Angel's Story

 

 

Angel was a 3-year-old female Wheaten who was given up because her owner’s new fiancé did not like Angel. The owner was planning to euthanize Angel, when a co-worker stepped in and offered to take Angel off her hands. Angel was afraid of this Good Samaritan’s other dog, so the new owner began looking for another home for Angel after only a few days. A friend of hers contacted WIN, but by the time we got in touch with the owner, she had already given Angel away to another family. This family had just lost an elderly Basset Hound to cancer and decided to adopt Angel to fill that void. I had some misgivings about an on-the-rebound adoption like this, so I asked that my name and phone number be given to the new family in case they ran into some problems and needed some support.


Less than two weeks later, I received another call about Angel. The new family had an invisible fence that had failed to contain Angel on quite a few occasions. They were also beginning to realize that there was a huge difference between an elderly Basset Hound and a three-year-old terrier. A Wheaten simply was not a good match for them, and they wanted to give Angel up.


Angel arrived at my house on December 23rd, having been through three homes in three weeks. She was understandably confused, but seemed to be a very sweet dog. She was not crate trained, so I immediately began to work on helping her to develop a positive association with the crate. I was amazed at how quickly she took to it; within a week she was entering the crate freely as if she had been doing so all of her life. She was a bit overweight, so I put her on a reduced calorie dog food and carefully monitored her food intake. The original owner had not provided her veterinary records, and everyone who had attempted to obtain them had failed. The owners who had surrendered her had taken her to their vet, and they had started her over again on the core vaccines, since her vaccination history was unknown. I took her to my vet for one booster shot and to be microchipped, and shortly after that started working on finding a new home for her.


I found a local candidate who looked very promising, but the adoption fell through at the last minute when the woman decided that she could not take on another dog at that time. I started looking for another candidate, but was having trouble finding anyone suitable. I didn’t want to place her in another home with an invisible fence, and I wanted to be especially careful about where I placed her because she had been bounced around so many times already.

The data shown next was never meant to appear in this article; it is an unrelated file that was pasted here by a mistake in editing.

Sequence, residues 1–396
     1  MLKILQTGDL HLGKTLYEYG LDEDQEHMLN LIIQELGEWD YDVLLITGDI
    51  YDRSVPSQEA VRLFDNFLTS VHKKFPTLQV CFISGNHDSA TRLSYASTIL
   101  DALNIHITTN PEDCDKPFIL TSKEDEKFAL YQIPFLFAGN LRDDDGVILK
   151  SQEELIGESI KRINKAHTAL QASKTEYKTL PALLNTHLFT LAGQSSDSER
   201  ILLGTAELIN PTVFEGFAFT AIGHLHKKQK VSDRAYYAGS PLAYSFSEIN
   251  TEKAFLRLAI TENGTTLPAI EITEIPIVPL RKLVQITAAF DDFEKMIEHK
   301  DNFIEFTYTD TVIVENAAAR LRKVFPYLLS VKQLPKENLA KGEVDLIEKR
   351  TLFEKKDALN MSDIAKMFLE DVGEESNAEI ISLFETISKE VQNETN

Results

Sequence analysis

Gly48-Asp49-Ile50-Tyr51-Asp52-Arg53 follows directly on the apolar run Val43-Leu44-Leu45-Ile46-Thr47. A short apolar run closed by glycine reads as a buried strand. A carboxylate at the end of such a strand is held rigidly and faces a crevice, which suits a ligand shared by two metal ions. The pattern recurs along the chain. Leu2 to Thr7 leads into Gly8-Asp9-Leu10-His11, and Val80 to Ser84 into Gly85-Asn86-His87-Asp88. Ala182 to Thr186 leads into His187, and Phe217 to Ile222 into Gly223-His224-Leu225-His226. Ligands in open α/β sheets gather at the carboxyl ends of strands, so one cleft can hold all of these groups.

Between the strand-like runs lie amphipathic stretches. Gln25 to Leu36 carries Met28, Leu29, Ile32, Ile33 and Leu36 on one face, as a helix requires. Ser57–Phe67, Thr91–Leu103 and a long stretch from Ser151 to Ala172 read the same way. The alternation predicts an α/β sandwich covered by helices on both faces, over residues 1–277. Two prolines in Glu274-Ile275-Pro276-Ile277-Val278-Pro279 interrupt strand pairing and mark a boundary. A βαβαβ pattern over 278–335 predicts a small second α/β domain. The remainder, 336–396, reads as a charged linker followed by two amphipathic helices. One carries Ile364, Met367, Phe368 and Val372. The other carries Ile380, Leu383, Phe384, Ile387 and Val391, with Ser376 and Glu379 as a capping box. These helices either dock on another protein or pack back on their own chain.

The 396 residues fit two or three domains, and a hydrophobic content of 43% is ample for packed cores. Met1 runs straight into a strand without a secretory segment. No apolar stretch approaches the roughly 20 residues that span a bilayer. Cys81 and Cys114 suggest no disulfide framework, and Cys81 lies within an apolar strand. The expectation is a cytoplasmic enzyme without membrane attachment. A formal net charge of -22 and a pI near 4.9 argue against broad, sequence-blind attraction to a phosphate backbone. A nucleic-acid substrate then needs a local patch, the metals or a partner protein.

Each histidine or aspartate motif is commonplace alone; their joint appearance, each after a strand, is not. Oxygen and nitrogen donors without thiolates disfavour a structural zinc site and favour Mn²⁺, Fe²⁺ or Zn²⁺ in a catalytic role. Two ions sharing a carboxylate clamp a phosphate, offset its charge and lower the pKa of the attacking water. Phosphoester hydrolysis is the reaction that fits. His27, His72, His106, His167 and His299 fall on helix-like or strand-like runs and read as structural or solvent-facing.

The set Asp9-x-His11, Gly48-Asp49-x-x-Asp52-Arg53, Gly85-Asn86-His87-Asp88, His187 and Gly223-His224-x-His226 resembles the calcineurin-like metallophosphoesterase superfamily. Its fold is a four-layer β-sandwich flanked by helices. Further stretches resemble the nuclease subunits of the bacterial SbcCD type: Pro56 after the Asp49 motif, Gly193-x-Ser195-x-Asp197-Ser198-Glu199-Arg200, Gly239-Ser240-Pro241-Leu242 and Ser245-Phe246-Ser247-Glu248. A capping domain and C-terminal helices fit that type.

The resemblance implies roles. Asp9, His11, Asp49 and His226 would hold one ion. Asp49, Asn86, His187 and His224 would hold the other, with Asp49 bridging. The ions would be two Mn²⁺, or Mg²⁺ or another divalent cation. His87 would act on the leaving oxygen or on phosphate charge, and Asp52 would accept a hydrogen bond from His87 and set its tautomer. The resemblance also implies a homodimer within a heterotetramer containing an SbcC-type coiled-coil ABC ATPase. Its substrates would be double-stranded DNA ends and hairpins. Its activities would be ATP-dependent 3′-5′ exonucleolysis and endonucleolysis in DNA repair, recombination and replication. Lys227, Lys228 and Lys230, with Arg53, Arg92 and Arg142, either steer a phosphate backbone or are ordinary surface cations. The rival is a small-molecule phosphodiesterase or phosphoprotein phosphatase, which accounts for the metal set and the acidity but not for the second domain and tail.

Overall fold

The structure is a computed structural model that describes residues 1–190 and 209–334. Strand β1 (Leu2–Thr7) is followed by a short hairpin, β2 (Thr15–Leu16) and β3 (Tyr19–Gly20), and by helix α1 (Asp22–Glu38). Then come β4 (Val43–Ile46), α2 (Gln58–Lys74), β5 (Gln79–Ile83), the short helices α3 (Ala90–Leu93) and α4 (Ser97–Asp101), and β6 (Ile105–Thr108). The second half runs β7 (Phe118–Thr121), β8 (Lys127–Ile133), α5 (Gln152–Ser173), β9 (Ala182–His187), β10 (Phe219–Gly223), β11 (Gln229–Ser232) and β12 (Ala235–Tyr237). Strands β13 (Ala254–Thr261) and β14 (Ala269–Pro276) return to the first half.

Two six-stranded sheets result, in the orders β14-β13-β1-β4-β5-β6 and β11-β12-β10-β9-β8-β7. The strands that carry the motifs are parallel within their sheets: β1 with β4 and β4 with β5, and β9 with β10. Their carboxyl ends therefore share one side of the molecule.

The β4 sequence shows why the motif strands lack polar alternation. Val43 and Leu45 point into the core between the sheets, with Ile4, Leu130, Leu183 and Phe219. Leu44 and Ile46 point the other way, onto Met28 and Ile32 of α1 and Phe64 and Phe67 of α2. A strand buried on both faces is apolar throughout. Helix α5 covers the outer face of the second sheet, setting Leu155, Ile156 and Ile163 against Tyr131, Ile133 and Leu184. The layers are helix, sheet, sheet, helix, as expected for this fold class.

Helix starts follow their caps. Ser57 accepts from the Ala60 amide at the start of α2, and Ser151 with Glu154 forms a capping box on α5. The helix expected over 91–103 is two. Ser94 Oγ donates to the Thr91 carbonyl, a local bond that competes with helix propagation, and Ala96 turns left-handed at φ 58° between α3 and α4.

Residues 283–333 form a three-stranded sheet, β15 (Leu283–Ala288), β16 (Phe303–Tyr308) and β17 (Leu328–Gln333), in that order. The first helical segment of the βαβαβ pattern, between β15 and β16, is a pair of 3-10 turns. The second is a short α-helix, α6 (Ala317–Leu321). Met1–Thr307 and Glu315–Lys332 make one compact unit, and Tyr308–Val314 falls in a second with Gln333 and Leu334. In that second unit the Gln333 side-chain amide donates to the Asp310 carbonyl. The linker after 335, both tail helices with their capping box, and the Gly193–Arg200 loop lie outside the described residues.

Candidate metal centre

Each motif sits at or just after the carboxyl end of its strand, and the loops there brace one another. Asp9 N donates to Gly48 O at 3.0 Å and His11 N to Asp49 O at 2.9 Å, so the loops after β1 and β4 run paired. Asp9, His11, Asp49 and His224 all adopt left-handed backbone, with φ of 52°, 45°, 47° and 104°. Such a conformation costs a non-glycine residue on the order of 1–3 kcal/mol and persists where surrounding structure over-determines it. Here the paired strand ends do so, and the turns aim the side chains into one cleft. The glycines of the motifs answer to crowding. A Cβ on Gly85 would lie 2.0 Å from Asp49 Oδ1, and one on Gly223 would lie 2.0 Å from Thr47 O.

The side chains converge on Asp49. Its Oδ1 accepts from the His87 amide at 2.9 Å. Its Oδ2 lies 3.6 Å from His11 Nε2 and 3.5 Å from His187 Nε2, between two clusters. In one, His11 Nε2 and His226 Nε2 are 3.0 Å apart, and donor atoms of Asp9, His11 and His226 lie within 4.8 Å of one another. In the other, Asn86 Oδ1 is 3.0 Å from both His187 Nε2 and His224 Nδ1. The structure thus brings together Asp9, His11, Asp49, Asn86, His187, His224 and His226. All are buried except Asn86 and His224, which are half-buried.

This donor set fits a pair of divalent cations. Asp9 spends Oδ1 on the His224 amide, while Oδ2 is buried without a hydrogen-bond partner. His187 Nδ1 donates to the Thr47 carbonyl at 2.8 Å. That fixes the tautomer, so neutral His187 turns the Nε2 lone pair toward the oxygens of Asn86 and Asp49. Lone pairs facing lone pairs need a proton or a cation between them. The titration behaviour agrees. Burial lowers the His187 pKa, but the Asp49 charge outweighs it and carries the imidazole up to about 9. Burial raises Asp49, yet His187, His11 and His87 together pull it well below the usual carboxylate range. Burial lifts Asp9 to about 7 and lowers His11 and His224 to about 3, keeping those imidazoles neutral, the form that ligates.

It was about this time that an application came in from a young lady in Dallas, Texas. Her parents had adopted a dog from WIN a few years earlier. She had just moved into her own duplex and wanted a dog of her own. Gwen knew the family and wanted to place a female with Gillean, to minimize the possibility of conflicts with the parents’ male Wheaten, because the dogs would be visiting each other fairly often. I had not thought about dong a long-distance adoption, but after speaking with Gillean, I knew that she would provide Angel with just the kind of home that she needed.


I took Angel to a groomer for a makeover, and then on Monday, January 17th, I took her to Philadelphia International Airport and got her on a nonstop flight to Dallas. Goodbyes are always tough, but it is even harder to hand a dog over to the airline personnel, rather than directly to a new owner. But I knew that this was what was best for Angel, and that in a few hours’ time she would begin a new life that would be far better than the old life she was leaving behind.


Angel arrived in Dallas on schedule, and is adapting very well to her new surroundings. She has been introduced to Gillean’s parents’ Wheaten Houdini, and has also met two other Wheatens in her neighborhood. Angel has been through a lot of upheaval in a short amount of time, but I am confident that she has found the ideal home that she so richly deserves.


Special thanks to my dad who looked after Angel when I was working and helped me to get her to the airport.


Rob H.
Cherry Hill, NJ